10 Years HCSS: Stability in Cyberspace since 2007: Quo Vadis?

February 5th 2018 - 11:52

Ten years ago, in the early summer of 2007, Estonia set out to remove a World War II memorial commemorating Soviet soldiers from the capital’s downtown, and inadvertently triggered what has been sometimes called the first strategic cyberattack in history. Over a three-week period, one of Europe’s most wired countries was paralyzed by a series of DDoS attacks against its government, media agencies, and financial institutions. It marked a watershed moment in the use of state-sanctioned cyberattacks to advance foreign policy goals. It also introduced a model for conflict in cyberspace fought by proxy to retain some degree of plausible deniability – even  when there is an overall consensus saying otherwise. 

In the following years, more news about strategic cyberattacks events made headlines; ranging from events in Georgia in 2008, Stuxnet in 2011, attacks against Sony Pictures in 2014, Tele5 (2015), a German steel mill or against the Ukrainian Power Grid (2015), and the most recent wave of ransomware attacks including WannaCry and NotPetya (2017), to name only a small sample. This indicates that cyberattacks are becoming the new normal and therefore join the already highly charged new reality of seemingly omnipresent cyberespionage. Behind this backdrop lies the concern that a catastrophic cyber exchange between nation states could occur. In recent years this threat has often been described as a major threat in national security threat assessments. While this dire outlook is partially connected to the overall level of geopolitical tension, there is a significant and widespread concern that the ability of governments to successfully manage the threat of major conflict in cyberspace is hampered by the difficulties in attribution, the dominant role of non-state actors in all shapes and forms (attacker, victim, media or carrier of attacks) as well as their unclear relationships with the government, and the rapid development of the technology itself, creates unseen future shocks that have significant impact on national security concerns.  

Both bilateral and multilateral interstate discussions have attempted, and in some cases managed, to address some of the risks involved in inadvertent escalation as well as a loss of escalation control. However, attempts to find a workable interstate dialogue seem to have reached an impasse. The failure of the “UN Group of Governmental Experts” to reach a consensus in 2017 and stalemates in other diplomatic fora show that governments alone will not be able to fix the problem. Despite their traditional dominance over all questions related to international peace and security, governments only make up one of three actor groups in the overall cyberspace regime complex. The Internet is governed by a complex ecosystem of stakeholders, each with its own set of standards, norms, rules and processes. The ability of the private sector, which owns and runs most of its digital and physical assets in any conceivable form, and the civil society, which is largely responsible for coding and running the most basic Internet functions, to create norms of behaviour is therefore paramount. Governments alone cannot decide on all aspects of cyberspace – instead their ability to draft own norms is largely contingent on the norms that others have already established. Given this complex landscape, it is unlikely there can be a singularly encompassing legal solution that is both enforceable and inclusive. Instead, developing norms of behaviour acceptable to all relevant stakeholders is essential.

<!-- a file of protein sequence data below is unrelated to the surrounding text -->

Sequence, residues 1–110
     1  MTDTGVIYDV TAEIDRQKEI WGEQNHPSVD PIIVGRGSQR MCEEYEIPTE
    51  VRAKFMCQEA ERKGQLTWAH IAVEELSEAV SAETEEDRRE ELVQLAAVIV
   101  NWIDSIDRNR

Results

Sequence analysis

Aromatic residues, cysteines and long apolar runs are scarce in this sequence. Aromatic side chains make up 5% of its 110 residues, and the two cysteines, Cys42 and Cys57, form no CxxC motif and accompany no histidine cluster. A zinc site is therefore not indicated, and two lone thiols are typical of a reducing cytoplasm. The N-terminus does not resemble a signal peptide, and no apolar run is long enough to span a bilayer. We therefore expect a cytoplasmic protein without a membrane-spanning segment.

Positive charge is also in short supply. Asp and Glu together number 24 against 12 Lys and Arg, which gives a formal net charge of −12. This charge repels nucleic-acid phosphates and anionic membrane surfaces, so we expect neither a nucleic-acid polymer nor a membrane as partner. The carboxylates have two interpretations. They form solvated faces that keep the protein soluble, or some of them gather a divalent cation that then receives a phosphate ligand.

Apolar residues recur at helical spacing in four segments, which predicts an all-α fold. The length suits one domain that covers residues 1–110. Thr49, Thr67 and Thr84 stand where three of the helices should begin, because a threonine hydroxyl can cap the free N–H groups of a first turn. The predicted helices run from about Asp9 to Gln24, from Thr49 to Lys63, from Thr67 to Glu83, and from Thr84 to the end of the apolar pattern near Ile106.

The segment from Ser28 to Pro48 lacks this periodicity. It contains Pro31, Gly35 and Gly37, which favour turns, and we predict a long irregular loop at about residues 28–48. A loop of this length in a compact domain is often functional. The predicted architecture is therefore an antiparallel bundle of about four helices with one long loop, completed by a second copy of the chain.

In an effort to facilitate global multi-stakeholder engagement to help develop norm and policy initiatives related to international peace and security in cyberspace, HCSS decided to launch the Global Commission on the Stability of Cyberspace at the 2017 Munich Security Conference with the support of many partners. The Commission does so by connecting traditional state-led dialogues with those of the Internet communities. Recently, in New Delhi, the Commission released its Call to Protect the Public Core of the Internet – an appeal for a new norm to apply to both state and non-state actors to refrain from activity that intentionally and substantially damages the general availability or integrity of the Internet itself.

HCSS seeks help from others working towards this shared mission and will continue to pursue the multi-stakeholder approach into its second decade, the end of which will hopefully lead to more answers to questions we have yet not fully addressed.

Louk Faesen, Associate Strategic Analyst, Cyber Policy and Resilience Program

This post is part of a series on the HCSS 10 year anniversary. Throughout the year analysts, experts and former colleagues will publish a post reflecting on the past 10 years. 

Read the post by Paul Sinning, Executive Director

Read the post by Rob de Wijk, founder and non-Executive Director 

Read the post by Sijbren de Jong, Strategic Analyst

Read the post by Stephan De Spiegeleire, Principal Scientist 

Read the post by Michel Rademaker, Deputy Director Market and Operations

Read the post by Karlijn Jans, Strategic Analyst

Read the post by Willem Oosterveld, Strategic Analyst

Read the post by Erik Frinking, Director of the Strategic Futures Program

Read the post by Hannes Rõõs, Data Scientist

Read the post by Reinier Bergema, Strategic Analyst

Read the post by Frank Bekkers, Director of the Security Program 

Louk Faesen is a Strategic Analyst at HCSS. He holds a Master’s degree in Law and Politics of International Security (LLM) from the VU University of Amsterdam.